The prayer Patton commissoned before the Battle of the Bulge

December 13, 2012

Almighty and most merciful Father, we humbly beseech Thee, of Thy great goodness, to restrain these immoderate rains with which we have had to contend. Grant us fair weather for battle. Graciously hearken to us as soldiers who call upon Thee that, armed with Thy power, we may advance from victory to victory, and crush the oppression and wickedness of our enemies, and establish Thy justice among men and nations. Amen.*

On the back of the Prayer, which was sent to every soldier in the Third United States Army, was Patton's personal 1944 Christmas Message to each one of them.


Alan Axelrod, Patton on Leadership: Strategic Lessons for Corporate Warfare (Paramus, N.J.: Prentice Hall Press, 1999), 267.


Short Stories on Honor, Chivalry, and the World of Nobility—no. 238


* ( Editorial comment: This prayer was written by Fr. James O’Neill, chief chaplain of the Third Army, at General Patton’s request. )

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  • Josseph Jay

    Why? There is no abusive language, nor insults, nor links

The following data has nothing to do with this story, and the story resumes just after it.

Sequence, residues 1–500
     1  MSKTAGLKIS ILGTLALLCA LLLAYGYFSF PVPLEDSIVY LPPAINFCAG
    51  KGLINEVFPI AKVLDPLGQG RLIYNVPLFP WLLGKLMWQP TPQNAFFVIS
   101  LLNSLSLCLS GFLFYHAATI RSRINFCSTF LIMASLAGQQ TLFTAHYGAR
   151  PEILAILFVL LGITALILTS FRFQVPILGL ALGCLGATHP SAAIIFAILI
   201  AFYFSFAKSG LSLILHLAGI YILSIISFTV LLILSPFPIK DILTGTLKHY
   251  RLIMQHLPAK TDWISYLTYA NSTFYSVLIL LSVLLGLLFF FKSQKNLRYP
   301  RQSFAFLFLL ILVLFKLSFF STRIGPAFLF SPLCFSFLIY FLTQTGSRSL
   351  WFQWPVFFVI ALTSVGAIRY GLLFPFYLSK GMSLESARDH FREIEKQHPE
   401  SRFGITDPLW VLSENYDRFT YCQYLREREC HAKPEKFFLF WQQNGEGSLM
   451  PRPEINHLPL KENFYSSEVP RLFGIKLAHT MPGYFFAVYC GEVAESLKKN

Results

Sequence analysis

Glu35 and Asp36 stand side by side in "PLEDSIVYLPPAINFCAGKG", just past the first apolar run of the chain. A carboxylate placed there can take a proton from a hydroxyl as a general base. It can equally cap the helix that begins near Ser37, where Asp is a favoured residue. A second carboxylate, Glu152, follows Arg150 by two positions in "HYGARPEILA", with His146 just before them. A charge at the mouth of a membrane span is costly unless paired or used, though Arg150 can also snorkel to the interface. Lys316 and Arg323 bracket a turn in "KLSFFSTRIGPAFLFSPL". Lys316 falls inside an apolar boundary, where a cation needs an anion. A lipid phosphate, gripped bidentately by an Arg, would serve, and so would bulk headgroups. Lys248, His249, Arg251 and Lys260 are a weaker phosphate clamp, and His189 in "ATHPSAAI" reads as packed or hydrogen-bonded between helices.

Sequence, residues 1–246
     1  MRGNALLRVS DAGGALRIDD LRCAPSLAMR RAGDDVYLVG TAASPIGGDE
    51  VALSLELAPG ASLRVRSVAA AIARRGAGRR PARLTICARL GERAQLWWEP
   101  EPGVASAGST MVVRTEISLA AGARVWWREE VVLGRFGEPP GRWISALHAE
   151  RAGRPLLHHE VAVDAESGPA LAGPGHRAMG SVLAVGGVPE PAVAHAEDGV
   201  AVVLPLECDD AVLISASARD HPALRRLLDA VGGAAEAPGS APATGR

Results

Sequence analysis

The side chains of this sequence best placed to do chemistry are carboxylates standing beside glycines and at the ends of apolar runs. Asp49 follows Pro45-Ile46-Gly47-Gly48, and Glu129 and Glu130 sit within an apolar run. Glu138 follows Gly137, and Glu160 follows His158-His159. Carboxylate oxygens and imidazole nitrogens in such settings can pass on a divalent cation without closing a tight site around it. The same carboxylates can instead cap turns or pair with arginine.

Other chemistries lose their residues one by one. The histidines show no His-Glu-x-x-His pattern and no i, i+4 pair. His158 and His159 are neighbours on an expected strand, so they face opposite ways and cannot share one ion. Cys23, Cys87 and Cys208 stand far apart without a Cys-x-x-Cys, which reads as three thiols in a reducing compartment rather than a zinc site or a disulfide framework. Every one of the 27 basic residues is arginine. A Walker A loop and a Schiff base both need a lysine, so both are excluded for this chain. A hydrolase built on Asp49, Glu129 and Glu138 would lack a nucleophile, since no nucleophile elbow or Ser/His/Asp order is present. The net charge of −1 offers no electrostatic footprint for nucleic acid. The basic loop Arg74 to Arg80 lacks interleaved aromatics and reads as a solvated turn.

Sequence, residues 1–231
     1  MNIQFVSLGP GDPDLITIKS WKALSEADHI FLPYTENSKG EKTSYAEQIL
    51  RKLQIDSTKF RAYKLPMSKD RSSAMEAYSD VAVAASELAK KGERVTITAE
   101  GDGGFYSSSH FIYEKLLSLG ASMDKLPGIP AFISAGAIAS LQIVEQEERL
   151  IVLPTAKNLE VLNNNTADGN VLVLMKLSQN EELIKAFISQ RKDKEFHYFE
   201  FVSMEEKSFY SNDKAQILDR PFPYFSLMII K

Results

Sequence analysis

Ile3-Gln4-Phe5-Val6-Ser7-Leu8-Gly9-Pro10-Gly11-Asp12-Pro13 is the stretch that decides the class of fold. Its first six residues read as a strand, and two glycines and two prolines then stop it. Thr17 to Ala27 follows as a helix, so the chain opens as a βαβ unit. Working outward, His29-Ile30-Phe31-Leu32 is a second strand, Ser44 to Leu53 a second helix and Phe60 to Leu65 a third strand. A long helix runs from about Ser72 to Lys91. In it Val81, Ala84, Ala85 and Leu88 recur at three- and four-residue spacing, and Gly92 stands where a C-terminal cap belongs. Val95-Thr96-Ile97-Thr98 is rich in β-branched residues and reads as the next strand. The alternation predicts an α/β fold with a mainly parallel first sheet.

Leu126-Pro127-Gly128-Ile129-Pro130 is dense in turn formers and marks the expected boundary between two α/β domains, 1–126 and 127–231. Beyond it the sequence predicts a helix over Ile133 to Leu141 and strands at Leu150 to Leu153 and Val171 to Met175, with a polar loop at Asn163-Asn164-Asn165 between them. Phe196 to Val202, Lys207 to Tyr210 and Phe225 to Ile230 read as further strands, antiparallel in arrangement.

• Robert

    To SEPOL888 It is easy to understand. As they found out at Stalingrad, when the screws are really on in times of war people have time to find God.

  • Sepol888

    An interesting historical figure, but I cannot bring myself to admire someone who used profanity, made racist comments, and believed in reincarnation. Why a Catholic aristocratic site finds the need to highlight the late general is beyond me.

    • Sepol888, it is proper to the Catholic spirit to admire all that is true, good, and beautiful and reject their contraries.
      Patton was not a saint, but God did give him certain qualities, such as a gift for leadership, which is admirable, especially today when it is so hard to find.
      In this vale of tears, more often than not, the good and the bad come together in the same person, so we must support, admire, and emulate the first while taking care to protect ourselves from the influence of the latter.

  • EXB

    General Patton had the virtue of combativity. Notice he wrote "Merry Christmas" on the prayer card and not "happy holidays". Different times when America was still upholding to be Chrisitan. General Patton is not smiling, his generation did not have that superficial optimism that society fell into after WWII. People smiled when photographed only if there was a reason at the moment the photo was taken. Life was a serious matter for them.

    • EXB, Patton called this his "war face." He practiced it all life long, and by the time WWII broke out, he had to perfection.

  • happygael

    I have never ceased admiring this man. I am a WW2 vet.

  • Frances Didieu

    I have always stood in admiration of General George S. Patton and now that I read his prayer I have even more admiration for this brave man.

  • reader


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